Another native of the island of New Caledonia, chahouas can be kept in pretty much the same conditions as crested geckos with the exception of requiring a slightly larger enclosure, as these are slightly larger geckos than crested geckos. There are currently 2 main varieties of chahouas available, "Mainlands" and "Pine Islands". The Pine Island variety tends to grow somewhat larger than the Mainland variety. Both varieties are highly variable in color and pattern, but tend to be primarily colored in hues of green, brown, and grey. Some have been selectively bred to show enhanced red coloration, but for the most part, there are not the many "morphs" in chahouas that are seen in crested geckos. These geckos are usually referred to by their scientific name, but may also be referred to as "mossy geckos" or "prehensile tailed geckos". They have the most fully prehensile tail of all the Rhacodactylus, hence the common name. There is also some controversy as to the correct pronunciation of the scientific name for this gecko. Most often you hear a soft "ch" used as in "chewy". However, in most other scientific names, the "ch" is pronounced as a hard "k" sound such as "Chondrodactylus". Whatever you call them, these are a wonderful addition to a collection and are always in high demand.
Rhacodactylus chahoua are native to New Caledonia, a chain of remote islands found quite some distance from the East coast of Australia. This is a "subtropical" climate with temperatures moderated by the surrounding ocean waters as well as the trade winds. There are not large variations in seasonal temperatures. New Caledonia sometimes refers to itself as "the land of eternal spring". The cool season is from April to August, with the hottest period being from September to March. The majority of the rainfall occurs between January and March. These geckos have generally been found in forested areas on the islands. They are arboreal, spending most of their time off the ground in the lower shrubbery of the forest where they seek out a moist and cool crevice or cranny during the daylight hours. Like all the Rhacodactylus, they are nocturnal, emerging at night to feed and mate. They are not usually found in the upper canopy of the forest.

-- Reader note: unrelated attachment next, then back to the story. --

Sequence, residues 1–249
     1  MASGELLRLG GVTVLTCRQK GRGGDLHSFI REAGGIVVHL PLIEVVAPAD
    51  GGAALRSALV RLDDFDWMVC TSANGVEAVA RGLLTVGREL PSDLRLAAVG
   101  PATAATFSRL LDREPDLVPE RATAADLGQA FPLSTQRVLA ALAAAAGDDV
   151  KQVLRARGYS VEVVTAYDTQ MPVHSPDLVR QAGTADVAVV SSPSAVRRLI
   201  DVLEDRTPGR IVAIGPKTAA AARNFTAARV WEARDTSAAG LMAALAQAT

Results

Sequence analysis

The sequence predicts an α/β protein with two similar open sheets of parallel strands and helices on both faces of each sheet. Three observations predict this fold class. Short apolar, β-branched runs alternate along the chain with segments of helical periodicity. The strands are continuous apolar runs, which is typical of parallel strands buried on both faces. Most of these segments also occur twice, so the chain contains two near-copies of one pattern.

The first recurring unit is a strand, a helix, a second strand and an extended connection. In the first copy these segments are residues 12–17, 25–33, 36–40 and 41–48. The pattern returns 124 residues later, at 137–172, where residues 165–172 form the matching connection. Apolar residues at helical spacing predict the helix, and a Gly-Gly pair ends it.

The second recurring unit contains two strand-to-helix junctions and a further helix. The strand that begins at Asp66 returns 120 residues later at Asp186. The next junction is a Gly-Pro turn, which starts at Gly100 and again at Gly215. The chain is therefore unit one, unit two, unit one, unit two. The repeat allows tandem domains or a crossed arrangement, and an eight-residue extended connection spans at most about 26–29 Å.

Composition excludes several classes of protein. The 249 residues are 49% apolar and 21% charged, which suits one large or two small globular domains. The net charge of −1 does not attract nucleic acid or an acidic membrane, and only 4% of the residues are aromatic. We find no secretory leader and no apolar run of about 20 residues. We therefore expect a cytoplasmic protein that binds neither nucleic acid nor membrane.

Coming from the same climate as crested geckoss, these geckos can be kept in much the same way. They generally do well at normal room temperatures, so additional heating or lighting is not required. The ambient temperatures in my gecko room generally range from 70º F - 80º F, with a nighttime drop in temperatures of about 5º. Winter temperatures tend to run slightly cooler. Being an arboreal species, vertical space is more important for this gecko than floor space. I provide a variety of branches and vines, as well as artificial foliage in the enclosure. I use a removable, washable shelf liner material for a substrate to encourage the female to lay eggs in a provided laying box which contains slightly moist peat moss. A naturalistic, planted tank would also work well and be very attractive, but locating eggs would become more difficult. I mist these geckos once a day in the summer time and sometimes twice a day during the drier winter months. I also keep a water dish constantly available, although I am more likely to see the geckos licking droplets after misting than to see them use the water dish. Like many of the native geckos of New Caledonia, these geckos eat a diet that includes both insects and plant materials. I feed Repashy crested gecko diet (CGD) 2 - 3 times a week as well as dusted insects a couple of times a week. Crickets and roaches are both eagerly accepted. In fact, I have found these geckos to be more aggressive insect eaters than most of my other Rhacodactylus geckos. Like crested geckos, males can be distinguished from females by a noticeable hemipenal bulge at the base of the tail. Males also show the presence of pre-anal pores which often allows accurate sex determination significantly before a bulge is visually apparent. The use of a lighted magnifying loupe makes it much easier to determine the presence of pores. Until one has extensive experience "loupe sexing" animals, it is fairly common to make mistakes. It is much easier to conclusively determine a male based on the presence of pores than it is to conclusively determine a female based on a lack of pores. The eggs have a much more calcified shell than crested gecko eggs. Eggs can be incubated much like crested gecko eggs. They are placed on moist Superhatch and incubated at room temperature (70 - 80ºF).